Wednesday, March 5, 2008

Mercury (continues) Rising

From yesterday's Post and Courier, a story on DHEC's (pathetic?) effort to deal with the mercury contamination issue faced by our state. Signs are great; requiring the absolute best pollution controls on coal plants (or denying permits for new plants) would be better.

Mercury warnings posted
Signs about tainted fish going up at fishing spots in S.C.

By Tony Bartelme
The Post and Courier
Tuesday, March 4, 2008

Hoping to raise awareness about mercury-tainted fish, health officials have begun posting roughly 400 warning signs at fishing holes and lakes across South Carolina where biologists have found high levels of mercury.

DHEC State health officials are installing signs on the Edisto River and other sites around the state advising people about the dangers of eating fish with high levels of

Written in English and Spanish, the signs have pictures of fish tailored to each particular water body and include advice on how much fish is safe to eat and, in some cases, whether people should avoid eating a single bite.

Mercury is a potent neurotoxin linked to nervous disorders, brain damage and other health problems.

A series in The Post and Courier last year identified freshwater mercury hot spots in the state and revealed for the first time how people who frequently eat fish from these areas have unusually high levels of mercury in their bodies.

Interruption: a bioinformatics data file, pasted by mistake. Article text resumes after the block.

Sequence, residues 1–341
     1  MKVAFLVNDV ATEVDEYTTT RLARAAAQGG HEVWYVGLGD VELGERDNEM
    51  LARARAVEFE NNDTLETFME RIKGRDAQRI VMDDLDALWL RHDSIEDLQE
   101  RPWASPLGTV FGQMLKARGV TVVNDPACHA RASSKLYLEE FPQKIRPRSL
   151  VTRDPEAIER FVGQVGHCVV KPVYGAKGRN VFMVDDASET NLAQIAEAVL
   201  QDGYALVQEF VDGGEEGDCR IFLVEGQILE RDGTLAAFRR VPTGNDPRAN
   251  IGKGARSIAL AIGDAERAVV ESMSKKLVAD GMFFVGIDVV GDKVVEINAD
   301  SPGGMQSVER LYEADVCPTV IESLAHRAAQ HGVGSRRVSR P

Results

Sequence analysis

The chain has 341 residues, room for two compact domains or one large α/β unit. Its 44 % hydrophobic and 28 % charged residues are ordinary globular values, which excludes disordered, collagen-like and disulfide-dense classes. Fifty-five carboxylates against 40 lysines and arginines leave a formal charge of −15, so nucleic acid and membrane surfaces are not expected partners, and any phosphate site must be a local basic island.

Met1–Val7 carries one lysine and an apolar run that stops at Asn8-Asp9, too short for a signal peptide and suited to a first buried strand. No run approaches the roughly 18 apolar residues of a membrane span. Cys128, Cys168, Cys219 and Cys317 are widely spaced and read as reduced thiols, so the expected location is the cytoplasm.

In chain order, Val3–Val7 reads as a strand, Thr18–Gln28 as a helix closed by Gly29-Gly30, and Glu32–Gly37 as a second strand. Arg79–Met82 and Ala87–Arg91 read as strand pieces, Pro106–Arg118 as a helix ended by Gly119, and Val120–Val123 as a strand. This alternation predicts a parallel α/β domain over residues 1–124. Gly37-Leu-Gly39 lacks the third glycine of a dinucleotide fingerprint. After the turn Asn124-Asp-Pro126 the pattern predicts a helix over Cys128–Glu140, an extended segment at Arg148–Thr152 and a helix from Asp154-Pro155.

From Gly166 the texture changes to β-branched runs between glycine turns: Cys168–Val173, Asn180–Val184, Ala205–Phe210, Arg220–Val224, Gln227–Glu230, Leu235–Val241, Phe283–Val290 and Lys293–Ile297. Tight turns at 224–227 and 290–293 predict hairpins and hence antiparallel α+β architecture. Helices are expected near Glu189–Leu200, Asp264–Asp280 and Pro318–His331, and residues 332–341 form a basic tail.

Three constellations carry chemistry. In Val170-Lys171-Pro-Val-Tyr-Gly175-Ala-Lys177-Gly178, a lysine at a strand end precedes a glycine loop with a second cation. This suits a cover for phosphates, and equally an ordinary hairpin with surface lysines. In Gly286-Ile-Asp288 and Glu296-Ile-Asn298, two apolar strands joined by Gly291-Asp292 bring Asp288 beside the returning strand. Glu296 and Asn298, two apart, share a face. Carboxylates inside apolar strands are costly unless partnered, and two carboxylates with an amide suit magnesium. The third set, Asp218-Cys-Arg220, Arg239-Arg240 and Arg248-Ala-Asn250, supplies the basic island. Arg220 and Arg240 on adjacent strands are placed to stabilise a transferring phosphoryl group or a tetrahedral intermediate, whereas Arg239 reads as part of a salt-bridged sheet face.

The series prompted the state Department of Health and Environmental Control to take a new look at how it measures and regulates mercury. Installing the signs is one of the first steps in this effort.

"The signs are to increase awareness about eating the right types and safe amounts of fish," said David Wilson, chief of DHEC's Bureau of Water.

Wilson said the 400 signs cost about $50,000 and should be in place within six weeks. Among other things, the signs include advice to those most at risk of mercury poisoning — women who are pregnant, nursing or in childbearing years.

Some signs also will identify waters that have high levels of fecal-coliform bacteria from human or animal waste, he said. People who swim in these waters have a higher chance of getting sick.

More than 1,700 miles of river in South Carolina have fish with high levels of mercury, DHEC records show. Man-made sources of mercury include coal-fired power plants, cement plants and certain factories.

"There was such a burning need for these signs," said Nancy Vinson of the Coastal Conservation League. "Unless people had computers or read the paper, they weren't likely to know that most of our rivers have fish that are toxic for human consumption."

The next step, added Blan Holman of the Southern Environmental Law Center, is for DHEC to clamp down on the state's biggest mercury polluters: coal-fired power plants."

Read previous stories on mercury in the Post and Courier

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